Ulmus americana

American Elm


Wheatland (Tanger Arboretum), 1120 Marietta Avenue, Lancaster PA 

Jeff Hazlett


Now deceased, this tree had the per- fect vase-shape of American Elms. Its trunk circumference (CBH) was ap- proximately 13’ 6”. Most leaves were dead by July 2018 and the tree had succumbed to Elm Yellows Disease by early 2019.

Elm Yellows is spread by leafhoppers (3rd photo) and is very aggressive with no known cure.  Infection and death of the tree's phloem girdles the tree and stops the flow of water and nutrients.  Even collections of elms that had been carefully managed against Dutch Elm Disease (e.g., at Cornell and Penn State) have been destroyed by Elm Yellows.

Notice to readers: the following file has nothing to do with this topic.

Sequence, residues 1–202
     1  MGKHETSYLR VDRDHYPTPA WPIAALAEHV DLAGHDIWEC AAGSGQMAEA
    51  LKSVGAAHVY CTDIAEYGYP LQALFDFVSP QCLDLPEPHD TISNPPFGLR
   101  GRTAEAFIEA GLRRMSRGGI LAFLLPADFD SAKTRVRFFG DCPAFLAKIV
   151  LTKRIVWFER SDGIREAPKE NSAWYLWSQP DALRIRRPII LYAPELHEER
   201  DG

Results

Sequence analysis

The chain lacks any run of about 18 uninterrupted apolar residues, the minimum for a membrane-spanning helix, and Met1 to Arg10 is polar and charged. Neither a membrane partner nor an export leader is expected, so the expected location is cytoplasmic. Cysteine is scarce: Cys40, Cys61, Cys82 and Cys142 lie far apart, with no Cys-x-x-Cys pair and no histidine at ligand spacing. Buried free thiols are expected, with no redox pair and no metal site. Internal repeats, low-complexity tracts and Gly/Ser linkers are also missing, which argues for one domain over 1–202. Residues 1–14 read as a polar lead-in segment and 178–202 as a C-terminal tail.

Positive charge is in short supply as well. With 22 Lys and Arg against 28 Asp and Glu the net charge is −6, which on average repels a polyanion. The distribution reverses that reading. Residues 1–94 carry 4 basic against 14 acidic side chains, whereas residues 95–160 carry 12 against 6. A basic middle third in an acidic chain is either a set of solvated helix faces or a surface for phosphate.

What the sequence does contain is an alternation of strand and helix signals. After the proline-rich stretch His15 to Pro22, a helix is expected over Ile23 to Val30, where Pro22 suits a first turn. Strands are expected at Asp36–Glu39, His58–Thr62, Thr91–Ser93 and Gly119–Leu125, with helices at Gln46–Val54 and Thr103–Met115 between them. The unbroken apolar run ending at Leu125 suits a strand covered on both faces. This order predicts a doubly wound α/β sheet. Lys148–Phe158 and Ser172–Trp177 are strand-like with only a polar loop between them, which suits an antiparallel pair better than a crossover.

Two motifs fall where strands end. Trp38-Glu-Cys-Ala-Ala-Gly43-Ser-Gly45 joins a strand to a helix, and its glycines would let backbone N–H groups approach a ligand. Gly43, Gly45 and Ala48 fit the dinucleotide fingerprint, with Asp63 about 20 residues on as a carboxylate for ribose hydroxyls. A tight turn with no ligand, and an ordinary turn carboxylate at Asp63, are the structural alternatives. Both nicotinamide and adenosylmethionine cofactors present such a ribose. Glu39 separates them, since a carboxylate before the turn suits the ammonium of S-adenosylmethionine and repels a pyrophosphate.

The death of this stately tree, promi- nently situated at the home of Presi- dent James Buchanan, was a real loss. But plans are for its wood to be repur- posed by Fritz Schroeder and Martin Stolpe for garden benches, bowls, and other woodcraft.


This amazing species has avoided obliteration by Dutch elm disease (in contrast to how blight has affected the American Chestnut) partly because the tree’s seeds are borne at a very young age, are spread widely by the wind, and germinate quickly to produce new, fast-growing trees.